This was a British air operation by Air Vice Marshal G. R. Bromet’s No. 19 Group of Air Marshal Sir John Slessor’s RAF Coastal Command in succession to ‘Gondola’ as the primary means of detecting, trapping and destroying U-boats transiting the Bay of Biscay (21/28 March 1943).
The offensive was based on the use of aircraft fitted with surface-search radar and searchlights to find and then illuminate for accompanying attack aircraft any U-boats running on the surface at high speed to escape the danger area. There were 28 sightings, resulting in 15 attacks, in the course of which one U-boat was sunk.
‘Enclose I’ involved 182 sorties, which achieved few sightings by day because the U-boats were running submerged, surfacing only to charge their batteries at night. However, on 21 March a Vickers Wellington of No. 172 Squadron, equipped with Leigh Light, damaged Oberleutnant Gerhard Wysk’s returning U-322. On 22 March a Wellington of the same squadron equipped with ASV.Mk IV radar as well as a Leigh Light sank Oberleutnant Hans-Jürgen Haupt’s U-665.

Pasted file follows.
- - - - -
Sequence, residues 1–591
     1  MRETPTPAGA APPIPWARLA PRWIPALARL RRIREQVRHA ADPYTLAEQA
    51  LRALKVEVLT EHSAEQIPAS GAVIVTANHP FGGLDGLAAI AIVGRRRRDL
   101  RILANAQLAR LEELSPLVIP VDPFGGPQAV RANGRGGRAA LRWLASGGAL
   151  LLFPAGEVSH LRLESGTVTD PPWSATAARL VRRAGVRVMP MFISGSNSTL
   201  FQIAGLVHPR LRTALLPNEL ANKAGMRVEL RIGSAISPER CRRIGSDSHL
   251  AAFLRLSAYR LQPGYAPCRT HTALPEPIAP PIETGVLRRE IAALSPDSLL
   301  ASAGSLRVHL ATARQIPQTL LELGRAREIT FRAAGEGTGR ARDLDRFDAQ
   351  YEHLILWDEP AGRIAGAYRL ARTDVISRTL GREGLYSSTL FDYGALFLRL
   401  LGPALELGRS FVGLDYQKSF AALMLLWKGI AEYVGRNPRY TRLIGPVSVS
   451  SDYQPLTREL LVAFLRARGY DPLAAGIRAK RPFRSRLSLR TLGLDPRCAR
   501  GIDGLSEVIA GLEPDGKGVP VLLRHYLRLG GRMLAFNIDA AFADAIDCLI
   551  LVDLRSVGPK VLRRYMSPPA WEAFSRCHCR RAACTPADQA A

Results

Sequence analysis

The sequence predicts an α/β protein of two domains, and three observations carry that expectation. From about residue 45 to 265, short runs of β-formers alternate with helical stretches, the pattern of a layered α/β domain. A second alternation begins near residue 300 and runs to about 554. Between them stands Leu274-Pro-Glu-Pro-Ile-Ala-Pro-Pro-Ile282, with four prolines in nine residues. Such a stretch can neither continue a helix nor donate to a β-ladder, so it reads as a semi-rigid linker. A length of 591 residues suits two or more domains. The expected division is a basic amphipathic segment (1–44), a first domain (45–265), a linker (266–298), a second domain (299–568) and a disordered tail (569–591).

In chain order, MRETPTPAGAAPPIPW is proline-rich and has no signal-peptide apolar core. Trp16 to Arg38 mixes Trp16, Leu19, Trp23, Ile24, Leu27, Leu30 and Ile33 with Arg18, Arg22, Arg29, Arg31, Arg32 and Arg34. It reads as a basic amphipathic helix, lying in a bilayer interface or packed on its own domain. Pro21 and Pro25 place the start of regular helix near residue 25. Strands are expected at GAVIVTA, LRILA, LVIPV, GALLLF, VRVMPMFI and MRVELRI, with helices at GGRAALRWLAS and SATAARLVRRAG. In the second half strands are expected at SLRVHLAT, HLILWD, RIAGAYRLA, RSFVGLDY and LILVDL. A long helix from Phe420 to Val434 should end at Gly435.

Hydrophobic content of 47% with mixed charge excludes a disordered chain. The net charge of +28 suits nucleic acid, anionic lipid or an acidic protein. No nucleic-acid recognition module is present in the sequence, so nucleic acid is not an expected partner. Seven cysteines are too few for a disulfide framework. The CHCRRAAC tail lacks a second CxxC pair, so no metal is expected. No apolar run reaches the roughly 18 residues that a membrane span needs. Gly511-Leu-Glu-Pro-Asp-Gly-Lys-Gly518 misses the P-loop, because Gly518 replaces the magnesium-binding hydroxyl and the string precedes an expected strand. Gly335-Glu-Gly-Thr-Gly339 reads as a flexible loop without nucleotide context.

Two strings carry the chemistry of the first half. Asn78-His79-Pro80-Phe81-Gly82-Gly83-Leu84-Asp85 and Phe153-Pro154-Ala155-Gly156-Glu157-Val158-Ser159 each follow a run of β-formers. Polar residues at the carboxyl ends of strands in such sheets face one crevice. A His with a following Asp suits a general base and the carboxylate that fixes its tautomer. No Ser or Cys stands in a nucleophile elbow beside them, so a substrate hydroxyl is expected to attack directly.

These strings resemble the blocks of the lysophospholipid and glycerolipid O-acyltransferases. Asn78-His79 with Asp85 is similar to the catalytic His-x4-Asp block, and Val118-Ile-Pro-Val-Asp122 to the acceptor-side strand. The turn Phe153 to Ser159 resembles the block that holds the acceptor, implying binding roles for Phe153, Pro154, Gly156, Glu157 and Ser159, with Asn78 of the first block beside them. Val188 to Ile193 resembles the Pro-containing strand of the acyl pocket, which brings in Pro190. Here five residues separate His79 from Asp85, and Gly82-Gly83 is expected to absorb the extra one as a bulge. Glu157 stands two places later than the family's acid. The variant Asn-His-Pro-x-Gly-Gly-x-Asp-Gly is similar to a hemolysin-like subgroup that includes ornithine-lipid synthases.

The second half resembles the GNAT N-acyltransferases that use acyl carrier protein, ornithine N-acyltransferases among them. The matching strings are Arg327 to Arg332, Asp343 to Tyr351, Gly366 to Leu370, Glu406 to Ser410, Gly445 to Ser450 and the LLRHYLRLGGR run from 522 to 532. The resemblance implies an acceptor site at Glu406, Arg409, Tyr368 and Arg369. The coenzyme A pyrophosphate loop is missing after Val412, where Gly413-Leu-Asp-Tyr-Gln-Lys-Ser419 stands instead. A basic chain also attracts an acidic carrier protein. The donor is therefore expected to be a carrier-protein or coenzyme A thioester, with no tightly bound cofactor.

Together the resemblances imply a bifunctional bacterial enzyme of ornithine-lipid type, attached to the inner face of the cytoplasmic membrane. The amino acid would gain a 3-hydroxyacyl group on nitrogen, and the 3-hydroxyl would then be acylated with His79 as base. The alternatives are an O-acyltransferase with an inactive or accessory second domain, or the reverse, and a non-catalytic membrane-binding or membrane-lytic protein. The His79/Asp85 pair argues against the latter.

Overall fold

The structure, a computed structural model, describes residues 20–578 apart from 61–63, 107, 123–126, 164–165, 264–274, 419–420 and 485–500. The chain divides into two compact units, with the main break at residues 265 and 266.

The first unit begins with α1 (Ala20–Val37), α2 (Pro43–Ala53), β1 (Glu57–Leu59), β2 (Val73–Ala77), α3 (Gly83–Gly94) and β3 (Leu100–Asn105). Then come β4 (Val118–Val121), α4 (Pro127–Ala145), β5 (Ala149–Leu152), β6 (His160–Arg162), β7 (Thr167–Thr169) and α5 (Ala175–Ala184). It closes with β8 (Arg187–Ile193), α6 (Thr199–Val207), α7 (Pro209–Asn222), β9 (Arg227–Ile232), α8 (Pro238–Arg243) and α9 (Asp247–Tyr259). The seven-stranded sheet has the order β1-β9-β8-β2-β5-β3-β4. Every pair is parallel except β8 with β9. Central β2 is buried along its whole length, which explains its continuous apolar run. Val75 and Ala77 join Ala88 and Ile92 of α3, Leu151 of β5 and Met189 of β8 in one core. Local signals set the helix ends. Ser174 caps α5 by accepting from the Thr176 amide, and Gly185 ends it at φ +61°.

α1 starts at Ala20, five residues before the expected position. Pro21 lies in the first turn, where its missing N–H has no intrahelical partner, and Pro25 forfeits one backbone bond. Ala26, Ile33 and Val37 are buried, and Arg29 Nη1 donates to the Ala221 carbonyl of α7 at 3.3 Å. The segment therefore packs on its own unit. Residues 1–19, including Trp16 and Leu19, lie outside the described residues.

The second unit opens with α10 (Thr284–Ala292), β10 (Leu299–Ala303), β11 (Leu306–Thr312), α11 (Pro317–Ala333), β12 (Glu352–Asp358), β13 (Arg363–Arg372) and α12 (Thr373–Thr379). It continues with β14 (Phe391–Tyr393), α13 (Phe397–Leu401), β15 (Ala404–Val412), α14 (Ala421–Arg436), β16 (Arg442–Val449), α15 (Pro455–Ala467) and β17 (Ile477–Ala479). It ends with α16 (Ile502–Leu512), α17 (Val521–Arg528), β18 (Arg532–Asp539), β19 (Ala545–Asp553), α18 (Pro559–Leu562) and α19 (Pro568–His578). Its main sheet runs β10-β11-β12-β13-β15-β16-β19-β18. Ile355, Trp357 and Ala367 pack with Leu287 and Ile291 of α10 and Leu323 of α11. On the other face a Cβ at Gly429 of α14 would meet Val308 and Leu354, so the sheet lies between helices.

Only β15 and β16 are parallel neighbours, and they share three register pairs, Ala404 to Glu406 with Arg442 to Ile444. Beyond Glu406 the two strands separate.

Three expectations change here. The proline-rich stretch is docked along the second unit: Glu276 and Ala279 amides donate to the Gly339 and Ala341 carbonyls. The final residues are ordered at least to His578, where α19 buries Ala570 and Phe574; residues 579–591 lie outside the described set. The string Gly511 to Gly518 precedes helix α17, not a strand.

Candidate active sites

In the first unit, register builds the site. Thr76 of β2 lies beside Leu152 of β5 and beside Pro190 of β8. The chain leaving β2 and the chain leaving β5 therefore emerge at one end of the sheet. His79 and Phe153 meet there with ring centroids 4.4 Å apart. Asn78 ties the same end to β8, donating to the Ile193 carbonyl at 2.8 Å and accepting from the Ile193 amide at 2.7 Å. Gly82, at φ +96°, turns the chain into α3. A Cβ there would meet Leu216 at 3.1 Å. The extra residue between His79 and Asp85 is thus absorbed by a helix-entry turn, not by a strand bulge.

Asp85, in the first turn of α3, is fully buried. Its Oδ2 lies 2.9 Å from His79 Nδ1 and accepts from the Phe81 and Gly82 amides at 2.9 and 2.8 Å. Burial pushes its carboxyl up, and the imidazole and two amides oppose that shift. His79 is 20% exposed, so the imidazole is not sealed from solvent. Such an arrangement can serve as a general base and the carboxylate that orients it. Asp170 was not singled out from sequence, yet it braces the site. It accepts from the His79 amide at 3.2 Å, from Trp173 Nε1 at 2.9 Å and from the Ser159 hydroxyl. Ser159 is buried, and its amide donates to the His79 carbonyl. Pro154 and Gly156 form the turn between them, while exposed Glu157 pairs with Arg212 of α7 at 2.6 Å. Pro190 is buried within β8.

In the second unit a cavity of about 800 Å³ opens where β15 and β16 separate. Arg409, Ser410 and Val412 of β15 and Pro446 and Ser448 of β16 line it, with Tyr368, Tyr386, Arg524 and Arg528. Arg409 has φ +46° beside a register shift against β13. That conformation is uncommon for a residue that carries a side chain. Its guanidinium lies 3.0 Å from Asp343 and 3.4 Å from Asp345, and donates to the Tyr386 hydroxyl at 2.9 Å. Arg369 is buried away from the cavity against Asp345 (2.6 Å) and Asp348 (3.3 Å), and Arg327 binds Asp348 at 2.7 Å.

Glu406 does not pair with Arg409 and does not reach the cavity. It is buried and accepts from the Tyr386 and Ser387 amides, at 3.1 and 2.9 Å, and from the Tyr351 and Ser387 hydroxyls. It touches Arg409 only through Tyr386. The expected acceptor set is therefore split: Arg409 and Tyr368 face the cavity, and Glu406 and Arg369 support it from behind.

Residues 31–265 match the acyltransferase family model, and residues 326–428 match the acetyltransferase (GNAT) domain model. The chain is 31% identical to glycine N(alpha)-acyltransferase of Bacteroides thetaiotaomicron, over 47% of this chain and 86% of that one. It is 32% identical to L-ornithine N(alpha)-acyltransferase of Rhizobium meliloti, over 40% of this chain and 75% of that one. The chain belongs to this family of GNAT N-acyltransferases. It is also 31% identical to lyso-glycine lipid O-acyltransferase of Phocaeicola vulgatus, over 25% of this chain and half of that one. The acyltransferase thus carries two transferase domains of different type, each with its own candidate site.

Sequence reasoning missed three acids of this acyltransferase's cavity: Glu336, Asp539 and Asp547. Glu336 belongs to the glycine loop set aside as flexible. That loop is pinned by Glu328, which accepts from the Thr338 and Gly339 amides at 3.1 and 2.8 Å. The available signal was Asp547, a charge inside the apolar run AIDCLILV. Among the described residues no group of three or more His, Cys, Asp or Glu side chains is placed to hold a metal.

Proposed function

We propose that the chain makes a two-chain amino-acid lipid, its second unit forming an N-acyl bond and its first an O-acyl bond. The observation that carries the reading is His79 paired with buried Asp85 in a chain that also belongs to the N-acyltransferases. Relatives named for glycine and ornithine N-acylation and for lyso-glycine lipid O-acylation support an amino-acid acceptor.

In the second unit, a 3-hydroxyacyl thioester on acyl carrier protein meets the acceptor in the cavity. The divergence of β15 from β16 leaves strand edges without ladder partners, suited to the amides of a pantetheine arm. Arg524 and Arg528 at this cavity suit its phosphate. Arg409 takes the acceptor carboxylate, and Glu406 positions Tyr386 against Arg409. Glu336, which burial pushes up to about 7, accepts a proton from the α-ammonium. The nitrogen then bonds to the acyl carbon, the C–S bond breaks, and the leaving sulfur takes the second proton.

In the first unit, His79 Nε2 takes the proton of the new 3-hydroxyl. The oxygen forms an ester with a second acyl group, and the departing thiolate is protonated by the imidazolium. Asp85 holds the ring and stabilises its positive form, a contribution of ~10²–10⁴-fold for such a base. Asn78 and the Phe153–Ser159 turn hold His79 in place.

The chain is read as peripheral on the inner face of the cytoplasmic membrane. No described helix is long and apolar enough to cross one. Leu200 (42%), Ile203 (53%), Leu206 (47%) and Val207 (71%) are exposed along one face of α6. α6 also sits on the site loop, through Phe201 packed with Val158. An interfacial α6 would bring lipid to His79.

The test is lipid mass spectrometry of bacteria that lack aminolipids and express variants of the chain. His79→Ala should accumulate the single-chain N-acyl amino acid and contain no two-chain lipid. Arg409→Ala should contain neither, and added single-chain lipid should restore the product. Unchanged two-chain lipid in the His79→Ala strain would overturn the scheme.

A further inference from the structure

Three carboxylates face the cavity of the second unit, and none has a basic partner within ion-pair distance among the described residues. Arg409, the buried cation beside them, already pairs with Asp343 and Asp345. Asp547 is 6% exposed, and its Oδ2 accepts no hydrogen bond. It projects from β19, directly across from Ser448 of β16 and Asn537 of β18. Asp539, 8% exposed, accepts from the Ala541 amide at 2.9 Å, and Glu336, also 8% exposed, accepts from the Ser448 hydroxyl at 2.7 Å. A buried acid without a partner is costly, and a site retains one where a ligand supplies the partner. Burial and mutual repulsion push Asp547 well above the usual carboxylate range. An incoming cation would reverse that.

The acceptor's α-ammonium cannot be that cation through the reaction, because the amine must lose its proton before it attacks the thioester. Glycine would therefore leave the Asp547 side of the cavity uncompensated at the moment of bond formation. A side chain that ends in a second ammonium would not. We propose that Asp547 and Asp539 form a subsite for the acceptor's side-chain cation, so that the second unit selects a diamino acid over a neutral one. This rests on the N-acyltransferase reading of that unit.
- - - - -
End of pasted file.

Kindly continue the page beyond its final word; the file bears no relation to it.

However, Kapitänleutnant Manfred Kinzel’s U-338 shot down a Handley Page Halifax of No. 58 Squadron on 22 March. 09.58 in the outer part of the Bay of Biscay, the inbound U-boat was surprised by the Halifax, but the boat’s accurate anti-aircraft fire during the attack run meant the stick of bombs fell wide, and only one detonating near the bow caused some light damage. The Halifax was hit in the outer starboard engine and fuselage and was seen to crash into the sea some distance away. The U-boat rescued the sole survivor of the aeroplane’s eight-man crew.